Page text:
Health Literacy Assessment via STOFHLA

Traci A Hart, Amy Chesser, Jennifer Wipperman, Rachel Wilson, Rick D Kellerman
2011 Kansas journal of medicine  
Background. Low health literacy affects more than one-third of American adults, resulting in poor physician-patient communication, worse health outcomes, and increased medical costs. Many physicians are uninformed of their patients' health literacy status. Current paper-based surveys require extra staff, time, and resources for administration, while a computer-based survey may provide efficient assessment to increase provider awareness. The study assessed the efficacy of a computer-based health
more » ... literacy test compared to an established, paper-based format for use in an office setting. Methods. A prospective, non-blinded, randomized experimental design was conducted. A brief demographic survey and health literacy test (STOFHLA) was administered to 100 adult subjects at a Midwestern family medicine residency clinic. Recruitment flyers were distributed in the office and all eligible, willing patients were randomized to one of two groups. Fifty participants were administered the paper test and 50 were administered the computer-based test. Results. The majority of subjects had "adequate" health literacy (85%) and completed the test within the allotted time period (82%). When comparing the paper and computer groups, there were no statistically significant differences for demographics, test scores, or completion time. Conclusions. A computer-based health literacy test is as effective as an established, paper-based format to assess health literacy in a family medicine office population. Future research studies should investigate the impact of having patient health literacy scores available to the physician prior to the office visit and how it may affect communication, compliance, and health outcomes. KJM 2011; 4(3):55-61.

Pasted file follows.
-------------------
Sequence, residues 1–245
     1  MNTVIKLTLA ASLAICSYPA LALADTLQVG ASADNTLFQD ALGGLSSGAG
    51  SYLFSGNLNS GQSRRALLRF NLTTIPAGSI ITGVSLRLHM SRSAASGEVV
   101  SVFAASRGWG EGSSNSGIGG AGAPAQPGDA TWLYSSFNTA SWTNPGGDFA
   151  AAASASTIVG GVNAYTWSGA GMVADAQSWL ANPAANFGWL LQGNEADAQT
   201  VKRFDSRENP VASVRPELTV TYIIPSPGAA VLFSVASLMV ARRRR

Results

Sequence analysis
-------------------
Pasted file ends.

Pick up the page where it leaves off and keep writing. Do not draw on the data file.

doi:10.17161/kjm.v4i3.11340 fatcat:pwlfswmzlvaybcjlh34dx7fm5u